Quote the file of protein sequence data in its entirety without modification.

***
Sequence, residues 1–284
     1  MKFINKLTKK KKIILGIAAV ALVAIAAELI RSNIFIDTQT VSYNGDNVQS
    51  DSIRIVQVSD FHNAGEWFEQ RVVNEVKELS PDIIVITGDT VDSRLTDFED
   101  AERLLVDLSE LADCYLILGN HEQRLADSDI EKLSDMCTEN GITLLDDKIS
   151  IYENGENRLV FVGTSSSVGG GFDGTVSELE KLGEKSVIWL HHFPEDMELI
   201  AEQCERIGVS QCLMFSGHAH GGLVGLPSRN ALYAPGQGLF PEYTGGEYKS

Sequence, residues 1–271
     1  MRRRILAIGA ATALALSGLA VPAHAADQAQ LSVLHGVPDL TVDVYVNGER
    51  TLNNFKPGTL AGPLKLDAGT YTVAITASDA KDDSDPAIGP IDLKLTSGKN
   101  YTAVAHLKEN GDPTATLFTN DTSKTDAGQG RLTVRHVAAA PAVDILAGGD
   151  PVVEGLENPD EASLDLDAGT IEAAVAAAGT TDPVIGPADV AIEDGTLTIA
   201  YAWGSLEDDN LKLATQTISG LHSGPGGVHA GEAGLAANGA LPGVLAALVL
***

Sequence, residues 1–284
     1  MKFINKLTKK KKIILGIAAV ALVAIAAELI RSNIFIDTQT VSYNGDNVQS
    51  DSIRIVQVSD FHNAGEWFEQ RVVNEVKELS PDIIVITGDT VDSRLTDFED
   101  AERLLVDLSE LADCYLILGN HEQRLADSDI EKLSDMCTEN GITLLDDKIS
   151  IYENGENRLV FVGTSSSVGG GFDGTVSELE KLGEKSVIWL HHFPEDMELI
   201  AEQCERIGVS QCLMFSGHAH GGLVGLPSRN ALYAPGQGLF PEYTGGEYKS

Sequence, residues 1–271
     1  MRRRILAIGA ATALALSGLA VPAHAADQAQ LSVLHGVPDL TVDVYVNGER
    51  TLNNFKPGTL AGPLKLDAGT YTVAITASDA KDDSDPAIGP IDLKLTSGKN
   101  YTAVAHLKEN GDPTATLFTN DTSKTDAGQG RLTVRHVAAA PAVDILAGGD
   151  PVVEGLENPD EASLDLDAGT IEAAVAAAGT TDPVIGPADV AIEDGTLTIA
   201  YAWGSLEDDN LKLATQTISG LHSGPGGVHA GEAGLAANGA LPGVLAALVL